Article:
Energy Electricity is used for light, projectors, heatpumps etc. The main principal of the heating and cooling system is as follows: Tubes in the the decks and the main concrete staircase circulates warm and cold water. The heat from the sun is collected (through the south western glass façade to the street (approx 200 m2) and also some heat from the north eastern façade towards the backyard) in the thermal concrete mass and stored in the earth to be taken up in the wintertime. There are 10 energywells in the backyard, 150-200 m deep. In the summertime cool water will circulate in the building. On the ventilation system there is some “after cooling” and Smykkeskrinet will be dependant on extra supply from the state energy supply on “extreme tops”, estimated to 50-100 hours a year. The project is built for the future: Optimizing the project and educating the users to handle the system will bring the energuconsumption down even more. The heat pump will be changed to a C02 heat pump, a CO2 heat pump is much more efficient and only consumes 1/6 of the electricity of the heat pump installed today. This will bring it down to approx 50 kw/h per year per m2. There is a LED tube implemented in the handrail of the main staircase and in the outdoor ceilings. Changing light components when technology allows it is planned for. Smykkeskrinet is connected to the energy central in the existing buildings and will transport extra energy when it produces “too much” energy. In other words Smykkeskrinet will become a zero emission building or a little bit energy positive in the future The credit for the energy concept must be given to the engineer Jan Petter Dybdahl, in corporation with Element and the client. The heat pump is driven by electricity.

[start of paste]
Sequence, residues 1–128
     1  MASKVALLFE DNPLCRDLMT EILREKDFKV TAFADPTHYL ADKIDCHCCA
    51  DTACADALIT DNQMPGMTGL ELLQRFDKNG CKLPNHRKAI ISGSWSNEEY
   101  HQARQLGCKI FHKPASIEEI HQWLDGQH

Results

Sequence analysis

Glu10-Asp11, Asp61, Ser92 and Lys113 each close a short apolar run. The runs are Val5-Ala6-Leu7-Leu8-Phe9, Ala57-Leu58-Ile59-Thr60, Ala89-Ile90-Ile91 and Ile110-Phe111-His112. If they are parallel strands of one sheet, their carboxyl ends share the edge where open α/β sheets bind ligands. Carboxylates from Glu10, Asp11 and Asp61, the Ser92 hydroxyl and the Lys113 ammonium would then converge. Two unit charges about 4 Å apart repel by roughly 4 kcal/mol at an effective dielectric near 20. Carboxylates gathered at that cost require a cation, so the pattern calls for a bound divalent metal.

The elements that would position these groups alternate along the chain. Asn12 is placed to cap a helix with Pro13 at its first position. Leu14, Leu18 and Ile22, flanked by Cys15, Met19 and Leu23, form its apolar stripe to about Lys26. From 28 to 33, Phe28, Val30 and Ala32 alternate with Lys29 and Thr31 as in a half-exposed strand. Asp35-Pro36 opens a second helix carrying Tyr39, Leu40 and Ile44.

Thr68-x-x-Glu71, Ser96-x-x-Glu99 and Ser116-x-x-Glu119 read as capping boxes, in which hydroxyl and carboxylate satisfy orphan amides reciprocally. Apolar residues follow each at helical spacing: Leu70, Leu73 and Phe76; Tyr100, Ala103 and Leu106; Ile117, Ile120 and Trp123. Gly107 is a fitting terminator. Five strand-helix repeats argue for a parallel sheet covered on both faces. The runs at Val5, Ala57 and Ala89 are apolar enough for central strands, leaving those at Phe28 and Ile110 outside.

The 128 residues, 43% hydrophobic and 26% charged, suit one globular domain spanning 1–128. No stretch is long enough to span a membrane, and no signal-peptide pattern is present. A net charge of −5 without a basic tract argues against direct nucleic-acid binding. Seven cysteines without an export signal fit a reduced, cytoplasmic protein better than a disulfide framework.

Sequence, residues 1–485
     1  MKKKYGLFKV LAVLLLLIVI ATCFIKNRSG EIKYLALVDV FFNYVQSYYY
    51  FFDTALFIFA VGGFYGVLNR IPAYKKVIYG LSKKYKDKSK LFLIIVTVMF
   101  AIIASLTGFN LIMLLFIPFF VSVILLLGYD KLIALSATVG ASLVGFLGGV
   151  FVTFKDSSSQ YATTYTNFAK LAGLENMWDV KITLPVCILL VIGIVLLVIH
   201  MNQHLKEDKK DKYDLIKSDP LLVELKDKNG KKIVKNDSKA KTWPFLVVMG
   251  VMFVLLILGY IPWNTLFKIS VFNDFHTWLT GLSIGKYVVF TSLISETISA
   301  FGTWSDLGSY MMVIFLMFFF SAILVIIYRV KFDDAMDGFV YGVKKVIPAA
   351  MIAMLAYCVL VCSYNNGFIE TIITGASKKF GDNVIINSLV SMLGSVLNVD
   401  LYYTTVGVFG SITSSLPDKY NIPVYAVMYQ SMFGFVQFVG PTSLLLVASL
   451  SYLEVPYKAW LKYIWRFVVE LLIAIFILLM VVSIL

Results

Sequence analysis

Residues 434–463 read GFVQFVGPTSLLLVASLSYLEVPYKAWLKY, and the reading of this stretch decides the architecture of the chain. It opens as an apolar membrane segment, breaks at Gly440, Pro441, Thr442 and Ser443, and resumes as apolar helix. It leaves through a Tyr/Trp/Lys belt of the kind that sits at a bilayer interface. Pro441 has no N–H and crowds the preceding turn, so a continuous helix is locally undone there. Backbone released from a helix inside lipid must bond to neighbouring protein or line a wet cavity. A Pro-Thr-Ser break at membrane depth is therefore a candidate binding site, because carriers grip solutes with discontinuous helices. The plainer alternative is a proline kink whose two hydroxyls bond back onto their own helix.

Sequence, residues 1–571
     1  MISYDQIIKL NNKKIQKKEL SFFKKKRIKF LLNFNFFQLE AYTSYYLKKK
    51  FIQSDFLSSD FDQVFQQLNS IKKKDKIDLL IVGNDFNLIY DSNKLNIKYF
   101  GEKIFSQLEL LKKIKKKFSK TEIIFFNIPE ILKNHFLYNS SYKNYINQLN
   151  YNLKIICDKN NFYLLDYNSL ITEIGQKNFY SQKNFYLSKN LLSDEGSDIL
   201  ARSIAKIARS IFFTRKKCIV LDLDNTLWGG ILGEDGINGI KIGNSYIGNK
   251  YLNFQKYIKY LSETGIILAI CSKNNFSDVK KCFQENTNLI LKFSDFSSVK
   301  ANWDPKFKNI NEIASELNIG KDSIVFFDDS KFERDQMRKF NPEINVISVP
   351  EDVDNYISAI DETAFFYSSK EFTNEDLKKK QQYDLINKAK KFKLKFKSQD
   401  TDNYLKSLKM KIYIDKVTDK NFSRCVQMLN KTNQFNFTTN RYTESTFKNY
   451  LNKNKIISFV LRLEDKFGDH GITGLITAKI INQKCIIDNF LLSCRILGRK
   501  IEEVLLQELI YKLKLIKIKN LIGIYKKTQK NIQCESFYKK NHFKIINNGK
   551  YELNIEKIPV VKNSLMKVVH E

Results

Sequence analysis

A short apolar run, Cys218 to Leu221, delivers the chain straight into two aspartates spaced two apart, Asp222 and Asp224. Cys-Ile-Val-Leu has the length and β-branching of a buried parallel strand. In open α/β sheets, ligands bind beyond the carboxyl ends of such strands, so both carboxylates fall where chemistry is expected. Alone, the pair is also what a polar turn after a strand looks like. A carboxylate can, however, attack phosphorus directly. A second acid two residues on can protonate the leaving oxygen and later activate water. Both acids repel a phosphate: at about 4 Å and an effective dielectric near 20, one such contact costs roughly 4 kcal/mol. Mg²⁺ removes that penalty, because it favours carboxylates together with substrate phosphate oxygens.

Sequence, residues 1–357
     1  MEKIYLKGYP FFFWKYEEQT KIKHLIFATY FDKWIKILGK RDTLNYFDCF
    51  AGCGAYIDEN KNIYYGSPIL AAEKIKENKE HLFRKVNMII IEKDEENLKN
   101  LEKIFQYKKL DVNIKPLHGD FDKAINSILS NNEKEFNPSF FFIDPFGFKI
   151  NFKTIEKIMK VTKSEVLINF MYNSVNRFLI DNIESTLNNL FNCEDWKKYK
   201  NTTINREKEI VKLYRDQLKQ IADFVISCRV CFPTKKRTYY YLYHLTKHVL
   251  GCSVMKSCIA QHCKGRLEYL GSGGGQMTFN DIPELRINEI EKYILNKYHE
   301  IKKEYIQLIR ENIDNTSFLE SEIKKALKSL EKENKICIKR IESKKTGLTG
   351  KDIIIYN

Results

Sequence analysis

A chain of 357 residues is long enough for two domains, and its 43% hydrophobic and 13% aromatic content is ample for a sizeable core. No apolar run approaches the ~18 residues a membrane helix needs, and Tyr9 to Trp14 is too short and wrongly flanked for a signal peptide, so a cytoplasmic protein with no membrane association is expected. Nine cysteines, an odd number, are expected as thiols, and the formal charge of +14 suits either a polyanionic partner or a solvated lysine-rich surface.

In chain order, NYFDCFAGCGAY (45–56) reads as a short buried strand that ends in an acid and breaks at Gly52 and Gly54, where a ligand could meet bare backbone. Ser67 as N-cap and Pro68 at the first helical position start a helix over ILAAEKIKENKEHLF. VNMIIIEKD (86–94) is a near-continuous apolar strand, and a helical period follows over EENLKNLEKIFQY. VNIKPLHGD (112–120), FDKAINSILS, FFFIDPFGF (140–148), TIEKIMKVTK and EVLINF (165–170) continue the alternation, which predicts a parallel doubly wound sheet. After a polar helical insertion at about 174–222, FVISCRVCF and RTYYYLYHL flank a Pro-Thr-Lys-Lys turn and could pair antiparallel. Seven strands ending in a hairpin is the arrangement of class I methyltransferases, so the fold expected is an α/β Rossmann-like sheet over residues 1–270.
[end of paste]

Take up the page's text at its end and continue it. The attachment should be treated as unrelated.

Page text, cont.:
The Glass façade towards the street Two layers of glass and the screen print (silketrykk in Norwegian) on the outside of the inner glass. In the competition we put art on the façade in order to symbolize the important role of Union of Education Norway concerning teaching and education. The art also functions as sunscreen. At an early stage of the process the artist Jorunn Sannes was involved to develop the art piece on the main facade. Jorunn Sannes was the artist behind the facades of the Library in Alexandria by Snøhetta and is one of three artists working with the roof of The Opera house in Oslo. We have had an excellent corporation with Jorunn Sannes through the whole process. Our close corporation with Skandinaviska Glassystemer AB in Sweden has had a big importance for the detailing and the technical solution the mirror art of the main façade. There is also an art piece in the lobby, an art piece in textile that has an acoustic importance which is necessary when working with thermal mass and expose concrete to reach the energy goals. This art piece is made by May Bente Aronsen who has been involved in the process in the early stages of planning the conference center.
Prizes 1) Narud – Stokke – Wiigs jubileumspris for miljø- og energibevisst arkitektur. Smykkeskrinet received a prize which is for the Oslo Architectural Association and is given to a company or a person (in this case Element) where emphasis is put on sustainability and great architecture.
2) Bygherreprisen (“The client prize” English), a national prize which has been given only five times earlier. The prize is given by the association of private architectural companies (where Element is a member) to clients that through a building process has shown great respect for the competence of the architect and followed the advice of the architect. National prize.
3) The project received Honorable mention in Statens Byggeskikkpris which is the most prestigious prize to receive as an architect in Norway, this prize is given by the Norwegian Government.
4) Betongtavlen or the “Concrete Board” in English. A national prize for excellent concrete work and great architecture.
5) Oslo Bys Arkitekturpris 2010 or “The city of Oslo Architectural Prize 2010” in English.
The Teachers House has been published in national and international magazines and is also presented in the book “MADE IN NORWAY” released in May 2010, book about norwegian contemporary architecture.
The Teachers House was nominated for the Mies van der Rohe Award 2011.